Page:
Usambara effect suggested by the Mineralogical Museum of Oslo
after Usambara Mountains of Tanzania, where Norwegian geologist Asbjorn Halvorsen collected chromiferous green tourmaline which displayed strong color change effect. The Usambara effect describes a color change dependant not on the type of illumination as with the Alexandrite effect, but rather on a change of path length of light through the gemstone in a single orientation.
With Alexandrite Effect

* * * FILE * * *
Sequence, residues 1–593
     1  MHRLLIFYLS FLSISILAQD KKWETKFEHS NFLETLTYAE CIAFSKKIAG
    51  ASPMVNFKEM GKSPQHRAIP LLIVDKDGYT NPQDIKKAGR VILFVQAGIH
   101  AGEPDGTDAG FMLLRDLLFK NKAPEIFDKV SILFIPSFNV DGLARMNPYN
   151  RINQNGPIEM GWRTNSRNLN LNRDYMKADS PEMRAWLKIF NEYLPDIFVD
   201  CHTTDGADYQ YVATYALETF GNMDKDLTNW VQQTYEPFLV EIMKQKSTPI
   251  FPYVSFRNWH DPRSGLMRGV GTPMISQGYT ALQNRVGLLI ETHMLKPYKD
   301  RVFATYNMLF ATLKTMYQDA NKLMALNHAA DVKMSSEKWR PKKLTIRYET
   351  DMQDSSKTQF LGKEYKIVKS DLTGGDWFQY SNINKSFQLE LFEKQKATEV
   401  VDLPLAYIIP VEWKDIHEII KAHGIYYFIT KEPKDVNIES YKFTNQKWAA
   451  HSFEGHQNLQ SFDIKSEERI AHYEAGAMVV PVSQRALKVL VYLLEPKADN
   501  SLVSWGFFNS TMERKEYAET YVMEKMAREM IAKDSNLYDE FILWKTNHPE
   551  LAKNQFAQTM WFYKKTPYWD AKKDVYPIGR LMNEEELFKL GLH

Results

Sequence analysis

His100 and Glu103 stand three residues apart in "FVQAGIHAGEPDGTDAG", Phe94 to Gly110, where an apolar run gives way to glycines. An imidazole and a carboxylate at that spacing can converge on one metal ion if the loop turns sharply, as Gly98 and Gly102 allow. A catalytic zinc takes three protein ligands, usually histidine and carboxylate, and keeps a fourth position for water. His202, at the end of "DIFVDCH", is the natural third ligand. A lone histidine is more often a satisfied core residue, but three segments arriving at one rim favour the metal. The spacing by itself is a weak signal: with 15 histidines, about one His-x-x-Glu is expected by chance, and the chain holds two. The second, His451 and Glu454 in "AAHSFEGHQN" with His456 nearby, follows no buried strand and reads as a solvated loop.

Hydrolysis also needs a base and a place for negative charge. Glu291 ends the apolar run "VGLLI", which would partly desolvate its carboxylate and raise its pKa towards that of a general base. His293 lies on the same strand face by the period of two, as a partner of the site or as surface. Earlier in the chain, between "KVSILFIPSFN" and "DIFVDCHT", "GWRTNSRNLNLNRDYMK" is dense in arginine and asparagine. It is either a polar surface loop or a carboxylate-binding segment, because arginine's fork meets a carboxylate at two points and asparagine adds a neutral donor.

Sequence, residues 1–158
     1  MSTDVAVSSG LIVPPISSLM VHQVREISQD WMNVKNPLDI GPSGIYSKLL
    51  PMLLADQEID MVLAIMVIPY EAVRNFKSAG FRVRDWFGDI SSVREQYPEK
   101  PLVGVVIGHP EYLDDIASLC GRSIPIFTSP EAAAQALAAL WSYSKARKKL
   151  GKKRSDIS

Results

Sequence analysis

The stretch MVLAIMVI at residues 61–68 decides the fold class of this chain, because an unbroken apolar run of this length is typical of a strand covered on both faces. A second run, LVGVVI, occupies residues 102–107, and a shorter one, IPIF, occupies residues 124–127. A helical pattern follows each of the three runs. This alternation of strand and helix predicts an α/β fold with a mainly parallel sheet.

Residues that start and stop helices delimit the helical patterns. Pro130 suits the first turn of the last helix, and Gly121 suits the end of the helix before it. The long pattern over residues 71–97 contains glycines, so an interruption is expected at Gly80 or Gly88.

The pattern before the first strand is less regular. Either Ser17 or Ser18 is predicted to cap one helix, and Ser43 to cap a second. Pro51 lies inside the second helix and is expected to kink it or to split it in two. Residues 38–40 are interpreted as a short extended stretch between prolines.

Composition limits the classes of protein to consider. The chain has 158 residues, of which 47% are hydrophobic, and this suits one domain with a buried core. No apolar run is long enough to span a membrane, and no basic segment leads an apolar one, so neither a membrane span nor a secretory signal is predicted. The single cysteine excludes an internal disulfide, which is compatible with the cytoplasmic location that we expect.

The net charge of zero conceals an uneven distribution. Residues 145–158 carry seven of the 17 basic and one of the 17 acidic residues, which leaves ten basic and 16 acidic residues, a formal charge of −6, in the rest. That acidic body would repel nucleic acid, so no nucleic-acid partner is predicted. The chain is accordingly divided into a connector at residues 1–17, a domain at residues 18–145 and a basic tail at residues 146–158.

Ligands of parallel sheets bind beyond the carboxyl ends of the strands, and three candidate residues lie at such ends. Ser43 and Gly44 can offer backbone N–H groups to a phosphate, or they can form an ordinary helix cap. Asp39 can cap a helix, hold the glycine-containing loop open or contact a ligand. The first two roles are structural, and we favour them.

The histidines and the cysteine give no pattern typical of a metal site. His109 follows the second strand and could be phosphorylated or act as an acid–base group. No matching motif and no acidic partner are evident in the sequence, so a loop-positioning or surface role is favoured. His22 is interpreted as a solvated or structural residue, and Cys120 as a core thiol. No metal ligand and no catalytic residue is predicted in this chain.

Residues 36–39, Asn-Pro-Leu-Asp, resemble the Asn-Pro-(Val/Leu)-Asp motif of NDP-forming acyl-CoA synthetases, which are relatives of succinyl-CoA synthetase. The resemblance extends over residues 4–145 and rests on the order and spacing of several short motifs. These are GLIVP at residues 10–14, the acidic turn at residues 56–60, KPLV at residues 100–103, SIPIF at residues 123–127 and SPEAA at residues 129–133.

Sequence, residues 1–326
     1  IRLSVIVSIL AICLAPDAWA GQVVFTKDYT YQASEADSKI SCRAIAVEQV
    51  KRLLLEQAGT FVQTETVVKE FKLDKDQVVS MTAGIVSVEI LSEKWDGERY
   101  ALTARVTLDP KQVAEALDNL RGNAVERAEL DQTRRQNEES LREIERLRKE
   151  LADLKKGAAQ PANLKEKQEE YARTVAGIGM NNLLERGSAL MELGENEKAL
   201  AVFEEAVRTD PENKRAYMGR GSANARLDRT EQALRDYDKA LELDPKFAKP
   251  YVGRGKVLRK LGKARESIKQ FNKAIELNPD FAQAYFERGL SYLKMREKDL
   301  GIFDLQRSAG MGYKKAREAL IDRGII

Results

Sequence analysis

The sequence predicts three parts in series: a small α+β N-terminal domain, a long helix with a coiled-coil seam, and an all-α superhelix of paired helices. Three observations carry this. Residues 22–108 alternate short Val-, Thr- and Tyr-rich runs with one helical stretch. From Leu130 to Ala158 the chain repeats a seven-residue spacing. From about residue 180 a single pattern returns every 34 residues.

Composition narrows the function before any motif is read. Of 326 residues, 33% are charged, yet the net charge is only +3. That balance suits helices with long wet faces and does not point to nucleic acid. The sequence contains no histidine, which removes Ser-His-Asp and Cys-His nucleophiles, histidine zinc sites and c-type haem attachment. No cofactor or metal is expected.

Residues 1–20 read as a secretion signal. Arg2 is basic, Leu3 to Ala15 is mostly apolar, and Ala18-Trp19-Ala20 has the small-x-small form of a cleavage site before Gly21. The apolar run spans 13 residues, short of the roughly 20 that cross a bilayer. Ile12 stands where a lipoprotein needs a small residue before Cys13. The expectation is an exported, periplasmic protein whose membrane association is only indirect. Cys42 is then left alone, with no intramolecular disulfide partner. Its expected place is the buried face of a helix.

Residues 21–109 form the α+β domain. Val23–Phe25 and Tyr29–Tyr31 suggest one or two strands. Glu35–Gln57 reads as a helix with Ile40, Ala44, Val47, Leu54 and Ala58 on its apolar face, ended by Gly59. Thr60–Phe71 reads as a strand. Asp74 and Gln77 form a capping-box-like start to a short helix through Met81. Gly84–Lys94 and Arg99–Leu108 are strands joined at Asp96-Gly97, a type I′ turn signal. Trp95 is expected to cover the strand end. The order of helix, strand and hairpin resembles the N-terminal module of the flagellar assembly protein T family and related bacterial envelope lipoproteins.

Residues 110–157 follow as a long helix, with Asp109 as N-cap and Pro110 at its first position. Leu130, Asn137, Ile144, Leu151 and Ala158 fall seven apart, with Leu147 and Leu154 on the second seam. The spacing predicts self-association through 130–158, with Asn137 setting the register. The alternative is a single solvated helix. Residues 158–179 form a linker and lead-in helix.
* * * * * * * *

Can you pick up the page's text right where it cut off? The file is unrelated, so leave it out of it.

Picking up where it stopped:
, if the illumination is stronger in the red wavelengths as with candle light, red becomes the perceived color. In daylight which is stronger in the green wavelengths to which the eye is much more sensitive, the perceived color is green. With Usambara Effect, once the thickness of the gemstone reaches a critical point, dependant on concentration of the elements chromium and vanadium, the perceived color of the transmitted light shifts from green to red. Which explains how Usambara effect was discovered in the first place: gem quality tourmalines from the Umba Valley (Tanzania), each green by transmitted light, when placed on top of one another, showed yellow color, succeeded by orange and red as the thickness of the gemstone pile increased.